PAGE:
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      Assessment of short-term changes in street dust pollution with heavy metals in Lublin (E Poland)—levels, sources and risks


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          Street dust forms as a result of the interaction of the atmosphere, lithosphere (pedosphere) and anthroposphere and can be regarded as an index of the condition of the environment in urban areas. At the end of the twentieth century, there was a significant decrease in heavy metal emissions in Europe, but not so intensive in Poland. The question arises: Is the intensity of pollution still decreasing? The study objective was to assess changes in street dust pollution with heavy metals in Lublin (E Poland) in the years 2013 and 2018. The sample collection sites (68) were located within streets with a varying intensity of motor traffic. Cd, Cr, Cu, Ni, Pb and Zn concentrations were determined in two dust fractions, 63–200 μm and < 63 μm, by means of an X-ray fluorescence spectrometer. The levels of street dust pollution with heavy metals, expressed both in absolute concentrations and geochemical indices, were lower in 2018 than those in 2013. The clearest decrease of concentration levels occurred within the main roads, in the 63–200 μm fraction for Cu and Cd, and in both fractions for Pb. The mean concentrations of the investigated metals, normalised to the background values, are in the following order for both fractions in 2013 and 2018: Zn > Cd > Cu > Cr > Pb > Ni. Metals form the following order for I geo and EF: Zn > Cd > Cu > Pb > Cr > Ni. This order is slightly different for the ecological risk factor: Cd > Cu > Pb > Zn > Cr > Ni. In general, street dust in Lublin does not show contamination with Cr, Ni and Pb. I geo and EF indices show moderate levels of pollution with Cu, Cd and Zn.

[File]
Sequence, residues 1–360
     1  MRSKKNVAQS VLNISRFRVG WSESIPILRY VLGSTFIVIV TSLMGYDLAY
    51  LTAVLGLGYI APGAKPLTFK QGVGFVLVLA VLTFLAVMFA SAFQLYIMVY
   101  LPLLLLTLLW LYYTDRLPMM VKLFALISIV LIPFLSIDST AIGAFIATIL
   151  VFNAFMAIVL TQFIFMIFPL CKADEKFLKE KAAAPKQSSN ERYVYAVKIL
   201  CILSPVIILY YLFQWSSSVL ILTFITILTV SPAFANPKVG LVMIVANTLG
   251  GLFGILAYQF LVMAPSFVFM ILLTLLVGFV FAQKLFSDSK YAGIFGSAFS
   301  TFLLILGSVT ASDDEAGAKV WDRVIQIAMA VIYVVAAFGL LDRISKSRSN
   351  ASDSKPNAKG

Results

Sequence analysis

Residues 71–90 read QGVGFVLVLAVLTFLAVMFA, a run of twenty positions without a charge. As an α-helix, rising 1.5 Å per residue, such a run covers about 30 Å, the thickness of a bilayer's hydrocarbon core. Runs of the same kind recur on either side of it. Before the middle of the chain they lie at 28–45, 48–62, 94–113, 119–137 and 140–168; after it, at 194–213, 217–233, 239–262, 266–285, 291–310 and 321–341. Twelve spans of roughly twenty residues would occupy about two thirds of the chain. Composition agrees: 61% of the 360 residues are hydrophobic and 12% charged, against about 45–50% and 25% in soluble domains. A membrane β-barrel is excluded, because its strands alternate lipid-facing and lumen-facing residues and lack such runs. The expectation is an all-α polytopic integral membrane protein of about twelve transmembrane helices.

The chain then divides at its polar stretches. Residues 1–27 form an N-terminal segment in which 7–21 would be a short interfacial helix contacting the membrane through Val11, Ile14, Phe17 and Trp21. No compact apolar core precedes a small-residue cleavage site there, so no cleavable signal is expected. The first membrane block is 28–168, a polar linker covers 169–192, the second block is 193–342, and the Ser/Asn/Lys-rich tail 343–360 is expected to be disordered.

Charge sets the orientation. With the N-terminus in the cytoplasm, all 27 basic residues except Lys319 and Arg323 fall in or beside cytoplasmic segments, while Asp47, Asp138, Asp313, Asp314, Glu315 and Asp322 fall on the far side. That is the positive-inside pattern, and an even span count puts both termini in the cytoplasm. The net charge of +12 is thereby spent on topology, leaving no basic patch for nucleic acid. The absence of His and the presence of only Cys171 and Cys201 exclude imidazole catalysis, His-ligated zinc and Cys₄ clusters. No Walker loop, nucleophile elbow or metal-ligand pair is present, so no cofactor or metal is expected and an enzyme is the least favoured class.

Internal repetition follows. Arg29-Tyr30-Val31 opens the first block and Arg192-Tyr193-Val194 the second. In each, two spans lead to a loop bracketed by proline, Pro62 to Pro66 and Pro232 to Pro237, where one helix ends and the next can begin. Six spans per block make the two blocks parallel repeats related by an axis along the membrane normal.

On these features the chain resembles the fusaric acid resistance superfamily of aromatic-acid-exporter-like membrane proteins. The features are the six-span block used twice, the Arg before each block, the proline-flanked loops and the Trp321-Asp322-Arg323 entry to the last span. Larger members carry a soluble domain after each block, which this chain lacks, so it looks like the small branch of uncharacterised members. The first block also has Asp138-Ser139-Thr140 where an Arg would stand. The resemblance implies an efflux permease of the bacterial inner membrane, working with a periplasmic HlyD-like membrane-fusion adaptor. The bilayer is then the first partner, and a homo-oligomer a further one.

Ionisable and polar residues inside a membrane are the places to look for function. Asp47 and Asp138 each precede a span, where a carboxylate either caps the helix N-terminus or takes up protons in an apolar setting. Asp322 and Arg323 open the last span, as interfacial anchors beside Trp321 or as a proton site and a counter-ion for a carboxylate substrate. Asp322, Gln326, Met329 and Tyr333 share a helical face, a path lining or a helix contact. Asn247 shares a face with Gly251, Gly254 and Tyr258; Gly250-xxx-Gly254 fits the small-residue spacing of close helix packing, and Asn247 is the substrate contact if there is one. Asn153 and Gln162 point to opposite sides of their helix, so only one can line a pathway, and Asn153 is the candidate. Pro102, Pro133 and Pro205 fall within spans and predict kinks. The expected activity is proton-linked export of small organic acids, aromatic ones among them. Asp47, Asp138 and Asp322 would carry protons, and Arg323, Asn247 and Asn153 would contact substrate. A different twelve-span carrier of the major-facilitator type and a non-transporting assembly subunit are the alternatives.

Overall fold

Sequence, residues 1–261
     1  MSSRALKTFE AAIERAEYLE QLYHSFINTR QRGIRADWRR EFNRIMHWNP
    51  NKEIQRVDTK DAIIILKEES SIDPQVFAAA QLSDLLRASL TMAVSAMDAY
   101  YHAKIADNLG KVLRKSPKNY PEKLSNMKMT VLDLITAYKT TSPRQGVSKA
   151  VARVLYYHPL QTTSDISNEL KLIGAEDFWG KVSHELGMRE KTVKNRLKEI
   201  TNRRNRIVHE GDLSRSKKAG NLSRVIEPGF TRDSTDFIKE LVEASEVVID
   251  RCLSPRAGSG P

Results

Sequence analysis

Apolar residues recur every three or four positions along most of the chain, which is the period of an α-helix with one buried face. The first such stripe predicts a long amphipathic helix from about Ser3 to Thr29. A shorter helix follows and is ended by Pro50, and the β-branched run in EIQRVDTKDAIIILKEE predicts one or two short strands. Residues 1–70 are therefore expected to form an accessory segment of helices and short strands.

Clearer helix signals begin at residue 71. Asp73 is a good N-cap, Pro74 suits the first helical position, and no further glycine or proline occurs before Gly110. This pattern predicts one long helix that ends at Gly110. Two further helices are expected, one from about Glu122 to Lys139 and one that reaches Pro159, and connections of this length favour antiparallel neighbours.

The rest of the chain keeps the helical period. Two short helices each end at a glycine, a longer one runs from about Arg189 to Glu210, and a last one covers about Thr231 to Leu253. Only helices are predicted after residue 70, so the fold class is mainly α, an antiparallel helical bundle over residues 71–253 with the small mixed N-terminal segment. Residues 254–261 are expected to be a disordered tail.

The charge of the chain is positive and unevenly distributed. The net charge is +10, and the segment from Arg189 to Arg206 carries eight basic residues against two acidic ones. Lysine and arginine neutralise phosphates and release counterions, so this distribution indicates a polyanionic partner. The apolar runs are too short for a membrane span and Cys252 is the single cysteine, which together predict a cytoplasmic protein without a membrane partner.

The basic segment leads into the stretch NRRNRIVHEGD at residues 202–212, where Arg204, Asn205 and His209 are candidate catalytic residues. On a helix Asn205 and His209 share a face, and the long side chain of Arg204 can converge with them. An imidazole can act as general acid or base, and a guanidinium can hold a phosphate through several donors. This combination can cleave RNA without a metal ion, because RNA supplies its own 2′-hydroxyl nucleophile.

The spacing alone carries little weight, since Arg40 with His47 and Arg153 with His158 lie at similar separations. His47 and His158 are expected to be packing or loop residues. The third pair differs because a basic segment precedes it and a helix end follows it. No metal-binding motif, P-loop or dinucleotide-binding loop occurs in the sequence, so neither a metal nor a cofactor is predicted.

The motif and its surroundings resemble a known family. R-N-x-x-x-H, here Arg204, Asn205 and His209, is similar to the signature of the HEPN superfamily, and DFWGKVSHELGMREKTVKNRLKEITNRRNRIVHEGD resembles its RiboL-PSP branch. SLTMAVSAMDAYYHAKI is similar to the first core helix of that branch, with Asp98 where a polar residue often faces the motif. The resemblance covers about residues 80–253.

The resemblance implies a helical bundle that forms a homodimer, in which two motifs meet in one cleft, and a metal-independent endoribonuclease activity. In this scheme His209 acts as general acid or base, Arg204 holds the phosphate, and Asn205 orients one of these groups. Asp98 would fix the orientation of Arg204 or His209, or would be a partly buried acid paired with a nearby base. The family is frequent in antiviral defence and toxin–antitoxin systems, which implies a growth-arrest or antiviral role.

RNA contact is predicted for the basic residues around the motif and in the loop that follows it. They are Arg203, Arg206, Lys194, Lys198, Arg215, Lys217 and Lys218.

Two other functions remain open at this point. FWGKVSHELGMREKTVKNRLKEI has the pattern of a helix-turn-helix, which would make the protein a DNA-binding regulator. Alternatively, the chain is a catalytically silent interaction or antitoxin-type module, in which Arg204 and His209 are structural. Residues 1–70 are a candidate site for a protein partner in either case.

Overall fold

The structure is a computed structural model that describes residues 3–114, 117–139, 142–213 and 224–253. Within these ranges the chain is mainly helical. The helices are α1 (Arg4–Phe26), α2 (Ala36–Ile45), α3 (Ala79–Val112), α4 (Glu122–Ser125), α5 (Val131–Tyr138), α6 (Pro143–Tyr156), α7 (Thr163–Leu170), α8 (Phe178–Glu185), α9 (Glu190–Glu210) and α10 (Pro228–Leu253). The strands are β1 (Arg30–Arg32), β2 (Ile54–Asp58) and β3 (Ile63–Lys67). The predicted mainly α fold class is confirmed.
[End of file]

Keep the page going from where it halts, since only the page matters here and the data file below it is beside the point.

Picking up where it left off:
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          Most cited references54

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          Sources and properties of non-exhaust particulate matter from road traffic: a review.

          While emissions control regulation has led to a substantial reduction in exhaust emissions from road traffic, currently non-exhaust emissions from road vehicles are unabated. These include particles from brake wear, tyre wear, road surface abrasion and resuspension in the wake of passing traffic. Quantification of the magnitude of such emissions is problematic both in the laboratory and the field and the latter depends heavily upon a knowledge of the physical and chemical properties of non-exhaust particles. This review looks at each source in turn, reviewing the available information on the source materials and particles derived from them in laboratory studies. In a final section, some of the key publications dealing with measurements in road tunnels and the roadside environment are reviewed. It is concluded that with the exception of brake dust particles which may be identified from their copper (Cu) and antimony (Sb) content, unequivocal identification of particles from other sources is likely to prove extremely difficult, either because of the lack of suitable tracer elements or compounds, or because of the interactions between sources prior to the emission process. Even in the case of brake dust, problems will arise in distinguishing directly emitted particles from those arising from resuspension of deposited brake dust from the road surface, or that derived from entrainment of polluted roadside soils, either directly or as a component of road surface dust.
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            Multivariate analysis of heavy metal contamination in urban dusts of Xi'an, Central China.